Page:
Phase detector/charge pump 44 compares the phase of the signals provided at its two inputs, and outputs a signal having a magnitude proportional to the phase difference between the two input signals. The output of phase detector/charge pump 44 is filtered by loop filter 48, and then provided as an input to VCO 45.

The output of VCO 45 is input to the RF input of mixer 46. The frequency of the signal 121 applied to the LO input of mixer 46, fUHF, is such that the sum of fUHF and fVHF, the frequency of the signal 13 applied to the LO input of quadrature modulator 30, is equal to the desired transmit frequency.

The output of mixer will have two principal components, one at a relatively low frequency, and the other at a much higher frequency. A filter (not shown) may be included at the output of the mixer 46 in order to suppress the higher frequency component. The remaining component is provided as an input to phase detector/charge pump 44.

Translation loop 43 functions to upconvert the frequency of the signal output from quadrature modulator 30 so that it is at the selected transmit channel frequency. The loop functions as follows. The output of VCO 45 is provided to mixer 46. Phase detector/charge pump 44 adjusts its output until the phase of the signals at its two inputs are about the same. The effect of this is to adjust the frequency of the output of VCO 45 until this phase relationship is present. This will occur when the frequency at the output of the VCO 45 is equal to fVHV+fUHF, the desired transmit frequency.

The unwanted sideband detector 16 in this implementation example comprises buffer 143, multiplexor 126, and RX chain circuitry 125.

The buffer 143 is coupled to the input of VCO 45. The buffer 143 is responsive to a signal POFF, identified with numeral 124. In the transmit mode of operation, POFF is asserted such that buffer 143 isolates the input to the VCO 45 from signal line 140. In the calibration mode of operation, the signal POFF is not asserted. Responsive thereto, the buffer 143 couples the input of VCO 45 to signal line 140.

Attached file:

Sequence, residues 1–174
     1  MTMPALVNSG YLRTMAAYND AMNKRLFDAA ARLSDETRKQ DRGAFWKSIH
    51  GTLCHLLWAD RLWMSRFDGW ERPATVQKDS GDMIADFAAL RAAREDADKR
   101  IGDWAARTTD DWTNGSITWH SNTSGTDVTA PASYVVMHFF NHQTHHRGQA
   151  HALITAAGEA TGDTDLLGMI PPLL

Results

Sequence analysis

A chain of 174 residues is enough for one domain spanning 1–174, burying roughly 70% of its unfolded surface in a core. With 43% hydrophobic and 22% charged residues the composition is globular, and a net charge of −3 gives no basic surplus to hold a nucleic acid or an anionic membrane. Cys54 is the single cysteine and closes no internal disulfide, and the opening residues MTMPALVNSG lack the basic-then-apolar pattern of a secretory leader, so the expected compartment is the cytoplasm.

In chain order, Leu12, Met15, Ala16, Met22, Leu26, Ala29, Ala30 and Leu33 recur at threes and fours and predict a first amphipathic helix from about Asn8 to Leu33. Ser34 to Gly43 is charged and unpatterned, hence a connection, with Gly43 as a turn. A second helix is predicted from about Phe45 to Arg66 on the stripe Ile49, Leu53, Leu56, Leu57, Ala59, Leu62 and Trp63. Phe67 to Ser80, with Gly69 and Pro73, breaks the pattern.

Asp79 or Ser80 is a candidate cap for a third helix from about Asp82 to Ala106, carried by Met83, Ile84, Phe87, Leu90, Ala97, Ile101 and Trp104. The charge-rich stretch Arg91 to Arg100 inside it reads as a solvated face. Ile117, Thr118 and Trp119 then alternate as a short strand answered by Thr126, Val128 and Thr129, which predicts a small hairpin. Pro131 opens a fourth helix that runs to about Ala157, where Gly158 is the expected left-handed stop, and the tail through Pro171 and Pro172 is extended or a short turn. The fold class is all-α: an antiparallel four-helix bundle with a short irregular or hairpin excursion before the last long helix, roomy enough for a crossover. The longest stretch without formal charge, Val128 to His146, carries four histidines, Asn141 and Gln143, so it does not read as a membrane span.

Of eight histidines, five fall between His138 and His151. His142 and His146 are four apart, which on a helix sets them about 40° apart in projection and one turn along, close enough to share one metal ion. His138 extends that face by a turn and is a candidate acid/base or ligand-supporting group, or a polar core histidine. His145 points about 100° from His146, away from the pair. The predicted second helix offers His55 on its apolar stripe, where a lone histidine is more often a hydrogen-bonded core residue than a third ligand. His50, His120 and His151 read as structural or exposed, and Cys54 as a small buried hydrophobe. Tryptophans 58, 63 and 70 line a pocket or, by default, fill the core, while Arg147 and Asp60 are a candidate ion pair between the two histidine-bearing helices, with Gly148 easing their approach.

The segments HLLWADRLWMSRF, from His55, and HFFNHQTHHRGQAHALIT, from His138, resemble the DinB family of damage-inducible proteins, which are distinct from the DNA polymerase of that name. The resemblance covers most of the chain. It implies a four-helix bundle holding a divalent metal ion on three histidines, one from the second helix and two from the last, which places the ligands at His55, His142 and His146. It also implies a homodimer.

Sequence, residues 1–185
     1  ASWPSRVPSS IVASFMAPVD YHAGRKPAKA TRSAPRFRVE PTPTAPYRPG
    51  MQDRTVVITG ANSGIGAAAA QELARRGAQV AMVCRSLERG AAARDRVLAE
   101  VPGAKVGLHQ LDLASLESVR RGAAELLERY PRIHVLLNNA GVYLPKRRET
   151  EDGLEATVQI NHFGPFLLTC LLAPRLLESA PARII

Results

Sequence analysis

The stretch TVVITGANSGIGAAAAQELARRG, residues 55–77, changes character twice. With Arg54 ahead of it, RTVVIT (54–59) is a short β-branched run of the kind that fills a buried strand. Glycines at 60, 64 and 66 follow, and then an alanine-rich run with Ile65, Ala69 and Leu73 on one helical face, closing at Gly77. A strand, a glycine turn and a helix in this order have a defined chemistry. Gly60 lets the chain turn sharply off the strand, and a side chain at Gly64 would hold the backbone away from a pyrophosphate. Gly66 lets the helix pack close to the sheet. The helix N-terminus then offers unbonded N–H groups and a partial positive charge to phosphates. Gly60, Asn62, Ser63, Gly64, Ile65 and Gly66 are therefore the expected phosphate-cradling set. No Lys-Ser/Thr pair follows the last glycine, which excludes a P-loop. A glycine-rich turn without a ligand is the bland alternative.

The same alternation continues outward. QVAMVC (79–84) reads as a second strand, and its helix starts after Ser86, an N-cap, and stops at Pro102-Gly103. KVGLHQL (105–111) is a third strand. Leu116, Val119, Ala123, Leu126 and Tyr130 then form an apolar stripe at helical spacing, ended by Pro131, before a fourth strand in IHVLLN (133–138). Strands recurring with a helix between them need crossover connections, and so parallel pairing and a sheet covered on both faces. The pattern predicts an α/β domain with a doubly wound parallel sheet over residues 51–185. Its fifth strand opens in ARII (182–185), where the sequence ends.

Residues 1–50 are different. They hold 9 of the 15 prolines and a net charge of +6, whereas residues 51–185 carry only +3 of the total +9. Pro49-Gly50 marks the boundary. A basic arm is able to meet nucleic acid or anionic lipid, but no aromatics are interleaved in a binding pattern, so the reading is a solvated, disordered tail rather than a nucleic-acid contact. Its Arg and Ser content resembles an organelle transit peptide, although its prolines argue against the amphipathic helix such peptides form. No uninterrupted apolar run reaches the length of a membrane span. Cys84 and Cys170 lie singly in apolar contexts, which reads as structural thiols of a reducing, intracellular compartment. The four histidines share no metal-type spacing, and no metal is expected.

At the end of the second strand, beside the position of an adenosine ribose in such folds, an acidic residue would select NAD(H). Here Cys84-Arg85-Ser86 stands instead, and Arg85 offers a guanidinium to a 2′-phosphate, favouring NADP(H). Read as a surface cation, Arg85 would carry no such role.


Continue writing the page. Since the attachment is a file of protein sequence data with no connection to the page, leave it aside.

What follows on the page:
Multiplexor 126 and RX chain circuitry 125 function as previously described in relation to the embodiment illustrated in FIG. 2F. Briefly, in the transmit mode of operation, the RX chain circuitry 125 forms part of the receiver portion of a transceiver containing system 120. Thus, in this mode, received signal 127 is routed by multiplexor 126 through RX chain circuitry 125, and output 142 thereof, which is coupled to additional receiver circuitry, is operative. However, in the calibration mode of operation, this circuitry performs the function of detecting an unwanted sideband in the output 122 of translation loop 43. Accordingly, in this mode, multiplexor 126 routes signal 140 to RX chain circuitry 125, and output 17 from this circuitry is operative.

As can be seen, in the calibration mode of operation, the presence of an unwanted sideband is detected from the relatively low frequency signal 140 which is taken from the input of VCO 45. In this mode of operation, a known baseband signal, i.e., one having a defined frequency fBB is input to the correction circuitry 11. Processor 129 within correction circuitry 11 delays either the I or Q component of the baseband signal by a known amount φ, which is then stored in the memory 123. The corrected baseband signal is then modulated by quadrature modulator 30, and the modulated signal input to translational loop 43.

Any unwanted sideband in the output of the quadrature modulator will, as previously described, show up in the output 122 of translational loop 43. Within translational loop 43, a low frequency signal will be generated at the input to VCO 45. The unwanted sideband will also show up in the input to the VCO 45 as a spike offset from DC by fm=2×fBB, where fBB is the frequency of the known baseband signal input to the correction circuitry 11. The unwanted sideband detection circuitry 16 is configured to detect the energy in the signal at the input to the VCO at the frequency fm to provide a direct measure of the energy of the unwanted sideband in the output of the translational loop 43.

This implementation example exploits the following VCO input/output relationship: E unwanted E wanted = K vco × A m 2 × f m

where

Eunwanted=energy of the unwanted sideband at the output of the VCO (and thus at the output of the translational loop)

Ewanted=energy at the wanted sideband at the output of the VCO (and thus at the output of the translational loop).

Kvco=gain of the VCO (Hertz/V).

Am=energy of the unwanted sideband at the input of the VCO.

fm=frequency offset between the unwanted and wanted sidebands (and thus the frequency offset between the unwanted sideband and DC at the input of the VCO).